The VA said it remains committed to filling agency positions even as it finalizes plans to revamp Choice. VA said it had about 34,000 vacancies, which officials attributed in part to a shortage of health professionals.

Also read: New legislation could provide mental health care to combat veterans

Legislative proposals to fix VA have run the gamut, including one backed by the conservative Concerned Veterans for America that would give veterans almost complete freedom to see an outside doctor. Another plan could create a presidential commission to review closing some VA medical centers.

“Congress can either double-down on the failed VA policies of the past or they can go in a different direction and empower veterans with more choice over their health care,” said Dan Caldwell, policy director of Concerned Veterans for America.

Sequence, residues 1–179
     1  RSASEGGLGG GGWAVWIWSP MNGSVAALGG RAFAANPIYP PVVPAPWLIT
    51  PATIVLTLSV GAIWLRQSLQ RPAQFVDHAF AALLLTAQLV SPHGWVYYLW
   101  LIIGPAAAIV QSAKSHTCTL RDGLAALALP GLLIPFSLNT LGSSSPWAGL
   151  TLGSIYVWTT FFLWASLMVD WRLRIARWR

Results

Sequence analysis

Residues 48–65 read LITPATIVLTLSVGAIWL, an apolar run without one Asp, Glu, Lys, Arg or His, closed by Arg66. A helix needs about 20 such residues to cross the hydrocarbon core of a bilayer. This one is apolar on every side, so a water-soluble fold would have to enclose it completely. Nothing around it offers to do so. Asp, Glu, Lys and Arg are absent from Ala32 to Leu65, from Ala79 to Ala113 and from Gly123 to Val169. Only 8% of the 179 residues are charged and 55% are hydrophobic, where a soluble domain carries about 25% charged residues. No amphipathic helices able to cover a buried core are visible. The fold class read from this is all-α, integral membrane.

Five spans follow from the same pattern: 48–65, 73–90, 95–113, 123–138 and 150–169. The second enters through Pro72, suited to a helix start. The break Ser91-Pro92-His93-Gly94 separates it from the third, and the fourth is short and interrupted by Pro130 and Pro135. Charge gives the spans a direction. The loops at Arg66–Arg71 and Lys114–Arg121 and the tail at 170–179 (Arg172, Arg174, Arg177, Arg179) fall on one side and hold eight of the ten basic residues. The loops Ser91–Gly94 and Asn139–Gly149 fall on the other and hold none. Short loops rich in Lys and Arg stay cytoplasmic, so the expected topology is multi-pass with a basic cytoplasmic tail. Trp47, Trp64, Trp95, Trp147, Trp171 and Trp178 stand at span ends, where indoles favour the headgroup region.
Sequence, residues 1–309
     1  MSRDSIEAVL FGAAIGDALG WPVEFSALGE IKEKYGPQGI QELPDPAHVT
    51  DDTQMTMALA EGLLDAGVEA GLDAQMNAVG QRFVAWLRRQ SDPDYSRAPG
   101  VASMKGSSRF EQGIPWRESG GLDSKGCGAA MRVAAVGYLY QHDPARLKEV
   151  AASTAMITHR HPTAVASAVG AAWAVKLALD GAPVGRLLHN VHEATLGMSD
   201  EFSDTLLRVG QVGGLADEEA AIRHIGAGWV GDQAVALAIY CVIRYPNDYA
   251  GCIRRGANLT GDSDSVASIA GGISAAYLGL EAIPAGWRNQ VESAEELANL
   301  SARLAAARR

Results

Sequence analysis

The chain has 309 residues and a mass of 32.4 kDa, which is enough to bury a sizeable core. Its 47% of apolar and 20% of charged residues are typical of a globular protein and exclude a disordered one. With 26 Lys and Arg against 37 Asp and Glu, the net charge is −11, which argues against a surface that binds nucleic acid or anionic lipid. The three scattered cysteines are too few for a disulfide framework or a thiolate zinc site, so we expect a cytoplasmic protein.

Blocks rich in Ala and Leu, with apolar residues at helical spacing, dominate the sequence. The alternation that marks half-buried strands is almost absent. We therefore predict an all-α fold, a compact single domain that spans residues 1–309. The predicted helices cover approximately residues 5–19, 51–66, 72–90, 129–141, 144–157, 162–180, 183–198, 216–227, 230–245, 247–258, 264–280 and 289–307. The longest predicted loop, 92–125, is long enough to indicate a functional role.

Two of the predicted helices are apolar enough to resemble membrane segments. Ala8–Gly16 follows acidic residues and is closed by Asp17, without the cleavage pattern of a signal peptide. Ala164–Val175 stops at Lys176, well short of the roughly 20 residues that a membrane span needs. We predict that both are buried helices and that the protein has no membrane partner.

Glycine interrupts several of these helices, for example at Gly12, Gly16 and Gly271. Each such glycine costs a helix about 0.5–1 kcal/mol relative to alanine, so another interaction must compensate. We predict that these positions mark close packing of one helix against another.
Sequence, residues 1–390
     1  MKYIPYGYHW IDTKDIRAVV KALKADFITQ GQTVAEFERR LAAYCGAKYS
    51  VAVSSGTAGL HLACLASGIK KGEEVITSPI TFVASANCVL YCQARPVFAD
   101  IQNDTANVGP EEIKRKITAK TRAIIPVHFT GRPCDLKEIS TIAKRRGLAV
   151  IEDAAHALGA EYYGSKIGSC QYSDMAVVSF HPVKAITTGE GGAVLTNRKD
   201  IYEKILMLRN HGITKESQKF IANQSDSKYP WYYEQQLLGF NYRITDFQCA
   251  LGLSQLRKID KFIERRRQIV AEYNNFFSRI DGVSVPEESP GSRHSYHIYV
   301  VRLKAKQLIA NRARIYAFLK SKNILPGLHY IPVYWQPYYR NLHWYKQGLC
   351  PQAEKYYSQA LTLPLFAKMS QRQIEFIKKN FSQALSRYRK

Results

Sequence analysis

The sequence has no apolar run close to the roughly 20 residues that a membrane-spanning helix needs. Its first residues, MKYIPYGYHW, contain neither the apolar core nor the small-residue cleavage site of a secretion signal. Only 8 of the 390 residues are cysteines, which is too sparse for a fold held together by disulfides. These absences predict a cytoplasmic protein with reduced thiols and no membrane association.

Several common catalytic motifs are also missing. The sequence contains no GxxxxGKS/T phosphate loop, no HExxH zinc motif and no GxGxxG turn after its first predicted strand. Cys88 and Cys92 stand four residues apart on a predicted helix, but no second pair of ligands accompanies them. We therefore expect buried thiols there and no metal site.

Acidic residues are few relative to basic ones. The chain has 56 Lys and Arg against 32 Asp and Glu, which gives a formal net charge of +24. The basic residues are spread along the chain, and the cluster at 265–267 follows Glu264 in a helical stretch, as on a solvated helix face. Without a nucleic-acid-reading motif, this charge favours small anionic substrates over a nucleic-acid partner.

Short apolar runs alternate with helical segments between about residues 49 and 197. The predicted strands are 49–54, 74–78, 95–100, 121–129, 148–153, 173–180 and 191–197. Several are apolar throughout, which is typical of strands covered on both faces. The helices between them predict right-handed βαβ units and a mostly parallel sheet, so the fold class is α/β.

China passes Russia’s weakened military to be the US’ top rival
Navy photo by Mass Communication Specialist 3rd Class Nolan Kahn

During the presidential campaign, Trump repeatedly pledged to fix the VA by bringing accountability and expanding access to private doctors, criticizing the department as “the most corrupt.” At an Ohio event in July, Trump promised to triple the number of veterans “seeing the doctor of their choice.”

More than 30 percent of VA appointments are made in the private sector.

Carrie Farmer, senior policy researcher for the RAND Corp., said the Choice debate raises broader questions about the role of government-run health care in treating veterans. To many former troops, the VA health system is a “medical home” where patients feel more understood by doctors specially trained to treat battlefield injury, such as post-traumatic stress disorder. Significantly expanding Choice could upend that government role as caretaker, she said.

“The big question is ultimately who will be responsible for our veterans’ care?” Farmer said.

MIGHTY CULTURE

Blue Star Families seeking minority representation in Military Family Lifestyle Survey